You say “potato”

It’s amazing how many different terms we use to describe something. But when you’re contracted to make something for a customer, you’d both better be talking about the same thing no matter what term you use.

Shakespeare noted that a rose would smell the same no matter what you called it. He was right, of course, but when you’re the one heading to the florist with a wad of your client’s cash, it’s probably best you ask for the right flower.

I recently edited an online home improvement article on tongue-and-groove boards as a wall treatment. In the article, intended for a very general audience, the writer consistently used the term “wall paneling” as he described how T&G boards are installed, but never once used the words “board” or “plank.” That’s probably no problem for you and me, but for the article’s intended audience, “wall paneling” is almost guaranteed to evoke images of 4×8 sheets. That, after all, is what a nonprofessional will expect to get if they walk into their local Big Box and ask for “wall paneling.” The bottom line was that the article would be at least somewhat confusing to probably 90 percent of the people reading it.

Now, convert this scenario to the real-world process of a contractor discussing a remodeling job with a customer not conversant in the myriad terms used to describe home improvement products. The customer says he wants wood paneling in his man cave or whatever and you, as the contractor, give him a bid. Trouble is, the customer was thinking of that thin stuff that comes in sheets, and you’re ready to start nailing up 3/4″ T&G oak planks. Okay, so it probably wouldn’t actually go that far, but you get the idea.

I’m betting that as woodworking professionals you’ve encountered this on more than one occasion, and I’d be curious to hear what your most outrageous case was.



  • Mike grund says:

    One that I come across all the time is “Formica”, client wants “Formica” and I show them some samples of Wilsonart or Pionite laminate mixed in with some Formica laminates. The client doesn’t understand that “Formica” is a manufacturer/brand of High pressure laminate and often finds themselves correcting us on what is and isn’t “Formica”…simply because of the historical brand in the industry. (kleenex vs tissue)

    Simple example, same as what you have illustrated above, I’ve found education is the best way to get the jobs and to get them right. Often times the hard part is how to educate and how you show the client you are the pro and know more than they do, nicely.

  • AUSTIN GARNO says:

    Our business sells hardwood in a couple of different formats. Random stock sold by the board foot and finish trim stock surfaced four sides in nomimal dimensions sold by linear measure.

    We occasionally run into uncertainty by clients for what a board foot measure means. We get “it’s 12″ x 12”, or “same as a square foot but 1 inch thick”, and similar non malicious obfuscations. Part of our mission is to explain that a board foot as a measure of wood is equivalent to 144 cubic inches. This significant detail we found out is not totally understood by a couple of extreme examples.

    One gentleman inquired by phone to what our board foot cost was for 4/4 Red Oak. We responded at the time that it was $2.65 per board foot random with a discount for 100′ and over. Not long after the call, a gentleman came in and loaded up 100 linear feet of nominal 1×12 S4S. He became irate with our retail salesman when the price for the 1X12 was not $2.65 or less due to his 100′ load. When we explained that yield, finish labor and etc affected the costing (more) for 1×12 S4S and that we did have $2.65/bf oak but likely not all 12″ he was not having any of it and was not to be convinced we were not bait & switching.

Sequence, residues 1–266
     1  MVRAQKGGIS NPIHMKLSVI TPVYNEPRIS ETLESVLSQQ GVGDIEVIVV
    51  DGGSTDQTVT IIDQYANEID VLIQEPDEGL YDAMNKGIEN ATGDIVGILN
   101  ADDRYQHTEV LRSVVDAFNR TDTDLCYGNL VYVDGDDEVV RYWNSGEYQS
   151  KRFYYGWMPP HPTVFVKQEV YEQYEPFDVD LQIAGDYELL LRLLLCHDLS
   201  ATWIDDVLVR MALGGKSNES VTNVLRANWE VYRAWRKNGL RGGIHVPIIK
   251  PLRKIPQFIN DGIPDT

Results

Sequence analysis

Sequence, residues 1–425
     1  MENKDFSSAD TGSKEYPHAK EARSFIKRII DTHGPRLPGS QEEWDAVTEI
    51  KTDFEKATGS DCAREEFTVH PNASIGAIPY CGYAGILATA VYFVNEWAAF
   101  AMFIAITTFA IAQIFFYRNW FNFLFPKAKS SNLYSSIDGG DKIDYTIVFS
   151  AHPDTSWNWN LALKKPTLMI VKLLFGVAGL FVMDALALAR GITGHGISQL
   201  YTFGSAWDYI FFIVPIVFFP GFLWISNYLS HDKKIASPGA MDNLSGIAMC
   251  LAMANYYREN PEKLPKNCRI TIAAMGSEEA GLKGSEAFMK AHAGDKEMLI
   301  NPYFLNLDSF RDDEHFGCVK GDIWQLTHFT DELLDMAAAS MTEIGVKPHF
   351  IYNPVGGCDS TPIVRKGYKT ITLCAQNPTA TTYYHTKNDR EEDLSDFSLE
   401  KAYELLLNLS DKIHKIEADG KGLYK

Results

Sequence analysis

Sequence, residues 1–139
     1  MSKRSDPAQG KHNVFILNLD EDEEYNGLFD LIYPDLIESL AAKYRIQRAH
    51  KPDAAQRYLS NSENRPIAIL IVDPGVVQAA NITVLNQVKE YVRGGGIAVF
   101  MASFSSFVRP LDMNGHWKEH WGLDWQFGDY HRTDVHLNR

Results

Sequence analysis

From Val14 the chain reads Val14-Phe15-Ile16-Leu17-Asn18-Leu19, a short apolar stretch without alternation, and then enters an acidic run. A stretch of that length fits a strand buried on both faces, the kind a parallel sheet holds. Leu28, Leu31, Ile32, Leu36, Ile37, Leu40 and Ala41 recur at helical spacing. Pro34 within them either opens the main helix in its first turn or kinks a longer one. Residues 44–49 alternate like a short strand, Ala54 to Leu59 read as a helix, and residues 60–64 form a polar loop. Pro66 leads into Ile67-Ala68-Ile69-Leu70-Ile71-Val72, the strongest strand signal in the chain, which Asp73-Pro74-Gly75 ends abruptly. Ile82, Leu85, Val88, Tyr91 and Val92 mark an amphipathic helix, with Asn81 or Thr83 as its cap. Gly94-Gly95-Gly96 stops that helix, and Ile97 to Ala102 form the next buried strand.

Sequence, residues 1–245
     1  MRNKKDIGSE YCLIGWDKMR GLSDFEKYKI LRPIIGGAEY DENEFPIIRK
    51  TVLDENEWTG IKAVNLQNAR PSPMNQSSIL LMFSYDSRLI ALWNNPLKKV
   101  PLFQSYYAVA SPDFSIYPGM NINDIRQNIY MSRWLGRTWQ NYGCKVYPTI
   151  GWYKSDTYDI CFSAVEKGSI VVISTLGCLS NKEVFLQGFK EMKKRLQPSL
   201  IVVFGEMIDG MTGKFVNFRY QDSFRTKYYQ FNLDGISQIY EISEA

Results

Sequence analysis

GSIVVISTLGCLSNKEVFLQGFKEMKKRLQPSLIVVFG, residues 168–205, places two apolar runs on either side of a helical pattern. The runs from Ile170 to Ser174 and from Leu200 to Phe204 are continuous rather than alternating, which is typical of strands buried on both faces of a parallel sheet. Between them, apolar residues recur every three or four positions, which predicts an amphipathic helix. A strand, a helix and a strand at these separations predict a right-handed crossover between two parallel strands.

Another client comes in regularly and needles us for the 8/4 stock being “double” the price despite our assurances to the contrary. This man seldom is smiling, we are not totally sure he is serious, though he does comes back.

    We have decided we are lumber suppliers first and not math teachers. The best we can do for some customers is to accept our role and refer them to the competition.

  • Lee Gordon says:

    This also happens on home improvement TV shows. Just this week I saw a show in which the narrator said “band saw,” while the tool being used on screen was a jig saw. Then, moments later, the voice over referred to a “radial arm saw” when the guy on screen was clearly using a sliding compound miter saw. To me, when presented by so-called experts on a national network, this misinformation is inexcusable.

    Somewhat less problematic, but still not quite right, in my opinion, is when someone on TV refers to a circular saw not manufactured by Skil as a “Skilsaw” or a reciprocating saw made by someone other than Milwaukee as a “Sawzall.” I’m sure this especially rankles the people from DeWalt or Porter Cable or whomever might have been the official tool supplier on a show where these trade names are tossed about incorrectly.

  • A.J. The one that keeps getting me steamed up is the use of the term “jigsaw”. Who told Bosch that their sabre saw was a jigsaw? I tend to be old school having been woodworking for over 60 years. To me the tool that Bosch and everybody else calls a jigsaw is a sabre saw. A jigsaw is my Powermatic, a scroll saw is my DeWalt.

    Pop G.

  • Shane says:

    I was building shelves once for a closet. The customer said he wanted the front edge “beveled”. When you say beveled, in terms of glass, it’s two little chamfers on either side. this is what he wanted. Instead, I gave him one big bevel across the front. Whoops!

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